Sunday, 16 August 2015

4. The Faroe Islands.

  The Faroe Islands postal administration issued a pair of stamps on 24 April 2015 to commemorate the 75th anniversary of the territory's national flag which is known as the Merkid or "The Symbol". The stamps depict the Merkid with a view of the islands on the 12 krona stamp and the Faroese mountaineer Arne Vatnhamar unfurling the flag at the peak of Mount Everest on 25 May 2014 on the 11 krona stamp:-

    The issue was designed by Arne Vatnhamar and Andrea Ricordi and printed in lithography by Cartor. 

  The Faroe Islands came under rule by Norway in 1035 but from 1380 belonged to the dual monarchy of Norway and Denmark. In the 1660's the Danes awarded the islands to Christoffer Gabbel, and afterwards to his son Frederick, as a personal feudal estate, but the family's harsh rule caused great resentment in the islands and as a result Denmark took back rule of The Faroes in 1708.
  Towards the end of the 19th century, there was a growth in nationalist feeling in the islands and various flags were considered for use to highlight this growing national feeling. Two notable early flags used the emblem of a ram, the Vedramerkid, which had been a national symbol for centuries (and is currently used as the national arms) and the image of an oyster catcher, the Tjaldursmerkid.

  Illustrations of the 19th century ram flag are depicted in Wikipedia and show that the standing ram facing the hoist was placed on a blue rectangle which was placed on a red field. I have not seen an illustration of the oystercatcher flag:-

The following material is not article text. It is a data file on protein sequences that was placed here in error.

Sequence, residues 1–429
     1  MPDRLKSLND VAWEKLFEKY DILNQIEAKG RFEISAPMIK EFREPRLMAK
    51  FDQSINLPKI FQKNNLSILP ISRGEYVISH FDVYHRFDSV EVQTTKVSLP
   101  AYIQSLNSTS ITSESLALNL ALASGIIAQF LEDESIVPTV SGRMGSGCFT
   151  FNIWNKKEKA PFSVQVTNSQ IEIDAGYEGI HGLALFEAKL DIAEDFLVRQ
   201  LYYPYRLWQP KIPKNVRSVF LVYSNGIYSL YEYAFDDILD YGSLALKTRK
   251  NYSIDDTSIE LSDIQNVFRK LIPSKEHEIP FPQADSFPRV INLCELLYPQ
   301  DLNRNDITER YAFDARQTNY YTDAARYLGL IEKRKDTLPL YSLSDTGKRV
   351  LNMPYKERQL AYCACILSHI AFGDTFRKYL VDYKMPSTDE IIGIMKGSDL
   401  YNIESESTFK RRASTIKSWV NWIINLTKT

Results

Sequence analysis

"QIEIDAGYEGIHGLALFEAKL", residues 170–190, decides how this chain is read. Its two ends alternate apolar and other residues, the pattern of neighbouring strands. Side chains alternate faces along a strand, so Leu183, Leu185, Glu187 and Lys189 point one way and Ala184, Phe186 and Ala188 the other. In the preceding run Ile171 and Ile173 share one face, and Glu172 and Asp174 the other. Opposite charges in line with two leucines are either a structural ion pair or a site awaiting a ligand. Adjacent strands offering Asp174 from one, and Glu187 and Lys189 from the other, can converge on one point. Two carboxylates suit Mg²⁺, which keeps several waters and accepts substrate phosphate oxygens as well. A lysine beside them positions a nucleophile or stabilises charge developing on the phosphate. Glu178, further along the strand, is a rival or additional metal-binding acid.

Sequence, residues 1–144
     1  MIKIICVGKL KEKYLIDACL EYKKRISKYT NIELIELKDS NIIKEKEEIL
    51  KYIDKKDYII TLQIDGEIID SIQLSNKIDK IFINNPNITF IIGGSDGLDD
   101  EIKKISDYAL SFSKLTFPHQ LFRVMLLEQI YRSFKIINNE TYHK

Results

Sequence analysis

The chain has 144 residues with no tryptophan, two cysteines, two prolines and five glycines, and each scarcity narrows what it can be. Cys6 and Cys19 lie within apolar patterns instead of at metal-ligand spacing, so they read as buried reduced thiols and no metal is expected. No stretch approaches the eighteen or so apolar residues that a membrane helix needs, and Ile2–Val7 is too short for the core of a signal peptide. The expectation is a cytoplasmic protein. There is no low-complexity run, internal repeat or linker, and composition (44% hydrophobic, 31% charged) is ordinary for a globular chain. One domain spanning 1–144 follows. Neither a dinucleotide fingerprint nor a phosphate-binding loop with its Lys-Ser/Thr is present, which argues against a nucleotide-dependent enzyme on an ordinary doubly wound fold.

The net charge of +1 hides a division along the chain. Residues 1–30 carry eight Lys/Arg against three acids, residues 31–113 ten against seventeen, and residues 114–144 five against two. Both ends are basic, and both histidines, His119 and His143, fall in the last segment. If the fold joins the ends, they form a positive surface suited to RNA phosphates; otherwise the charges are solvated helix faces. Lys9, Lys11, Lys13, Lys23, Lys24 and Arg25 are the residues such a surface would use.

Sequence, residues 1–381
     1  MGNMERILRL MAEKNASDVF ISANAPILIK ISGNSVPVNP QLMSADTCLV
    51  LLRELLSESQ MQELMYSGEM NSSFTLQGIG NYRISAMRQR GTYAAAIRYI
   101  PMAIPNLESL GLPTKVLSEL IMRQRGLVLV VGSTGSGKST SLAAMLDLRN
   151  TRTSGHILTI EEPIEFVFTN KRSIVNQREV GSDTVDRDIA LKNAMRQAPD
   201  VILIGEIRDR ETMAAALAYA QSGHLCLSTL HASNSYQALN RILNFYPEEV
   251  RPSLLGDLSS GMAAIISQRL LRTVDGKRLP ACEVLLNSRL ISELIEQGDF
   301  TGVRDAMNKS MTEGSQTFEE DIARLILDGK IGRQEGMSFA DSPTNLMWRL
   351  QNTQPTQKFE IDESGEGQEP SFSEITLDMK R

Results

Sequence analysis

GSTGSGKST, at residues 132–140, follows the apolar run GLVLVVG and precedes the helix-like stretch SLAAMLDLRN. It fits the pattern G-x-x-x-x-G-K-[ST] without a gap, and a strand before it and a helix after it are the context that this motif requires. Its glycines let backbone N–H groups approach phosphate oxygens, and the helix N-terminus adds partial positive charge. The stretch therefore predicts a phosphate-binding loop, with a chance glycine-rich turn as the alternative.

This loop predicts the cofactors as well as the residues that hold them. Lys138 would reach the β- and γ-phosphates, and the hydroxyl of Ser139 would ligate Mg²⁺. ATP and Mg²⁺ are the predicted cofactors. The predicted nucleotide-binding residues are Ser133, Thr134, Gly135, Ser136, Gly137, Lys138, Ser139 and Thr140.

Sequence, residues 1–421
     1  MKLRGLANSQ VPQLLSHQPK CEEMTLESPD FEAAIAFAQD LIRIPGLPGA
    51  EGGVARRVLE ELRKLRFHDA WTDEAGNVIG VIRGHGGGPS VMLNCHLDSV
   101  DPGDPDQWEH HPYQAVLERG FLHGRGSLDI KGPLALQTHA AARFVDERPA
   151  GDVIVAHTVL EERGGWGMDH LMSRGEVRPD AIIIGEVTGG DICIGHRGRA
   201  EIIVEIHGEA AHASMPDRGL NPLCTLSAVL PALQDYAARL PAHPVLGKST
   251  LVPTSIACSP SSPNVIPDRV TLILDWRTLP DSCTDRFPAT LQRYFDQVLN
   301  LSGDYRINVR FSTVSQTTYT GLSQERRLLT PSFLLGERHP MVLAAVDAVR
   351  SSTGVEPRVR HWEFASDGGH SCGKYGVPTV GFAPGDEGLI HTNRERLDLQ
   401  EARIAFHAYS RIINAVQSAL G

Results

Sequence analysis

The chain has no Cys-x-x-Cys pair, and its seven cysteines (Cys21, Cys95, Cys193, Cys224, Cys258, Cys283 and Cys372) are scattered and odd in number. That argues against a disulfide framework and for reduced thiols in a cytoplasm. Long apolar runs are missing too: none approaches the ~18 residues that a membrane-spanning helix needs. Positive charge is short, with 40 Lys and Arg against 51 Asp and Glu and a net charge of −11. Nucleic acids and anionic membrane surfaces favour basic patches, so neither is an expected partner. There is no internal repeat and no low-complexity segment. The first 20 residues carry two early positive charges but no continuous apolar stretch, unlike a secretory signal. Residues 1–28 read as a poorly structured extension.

In 1919 three Faroese students living in Copenhagen, Jens Oliver Lisberg, Janus Osserson and Thomas Pauli Dahl, suggested a new design which used the basic Nordic cross design combining the flags of Norway and Denmark. The design placed a blue fimbriated red Nordic cross on a white field. The students had the flag made up and flew it from a student dormitory in Copenhagen called "Regensen" which is now attributed as being the first place where the Faroese flag was flown. 
  Lisberg returned to Faroes in the summer of 1919 taking the flag with him planning to suggest to the Faroese parlament that it be adopted as the national flag but was unsuccessful. Lisberg's original flag is now on display in the local church of his hometown, Famjin. Lisberg returned to Copenhagen and tragically died there the following year from influenza without seeing the acceptance of the Merkid as the Faroes' national flag.
  During the 1920's local shipping began to fly the Merkid and after the British occupation of the islands during World War II, on 25 April 1940, the British Consul, Mr. Mason, announced that all Faroese boats and ships would fly the Merkid. In 1947, 25 April was declared to be Faroese Flag Day and when Home Rule was granted to The Faroe Islands by Denmark in 1948 the Merkid was recognised as the national flag for use on land and at sea.
  During its history the flag has experienced minor variations because of changes in the shade of the blue fimbriations. The first change occurred on 5 June 1959 when a lighter shade of blue was adopted  but the shade was made darker again on 29 December 1998.
  Apart from surcharges applied to 5 Danish stamps in 1940 - 41 during the period of British occupation (see Commonwealth Stamps Opinion 443), Faroe Islands did not issue any stamps until 1 April 1976 when an independent postal service was inaugurated in the territory. 
  The first local philatelic depiction of the Faroe Islands national flag was included in the inaugural set of 3 stamps on the 1.60 krona value. The flag is depicted with the lighter shade of blue then used as fimbriations of the red cross:-

1976 postal inauguration issue.

With first day of issue cancellation

  The national flag was next depicted on a miniature sheet issued on 9 April 1990 which commemorated the 50th anniversary of the Merkid. Three 3.50 krona values were included in the sheet - one stamp featured the flag itself and the others depicted local vessels using the flag as an ensign. The stamp depicts the blue as a darker shade than that used on the 1976 stamp but no changes had been made to the shade of blue between the date of issue of the 2 stamps:-

miniature sheet first day cover

Flag Counter
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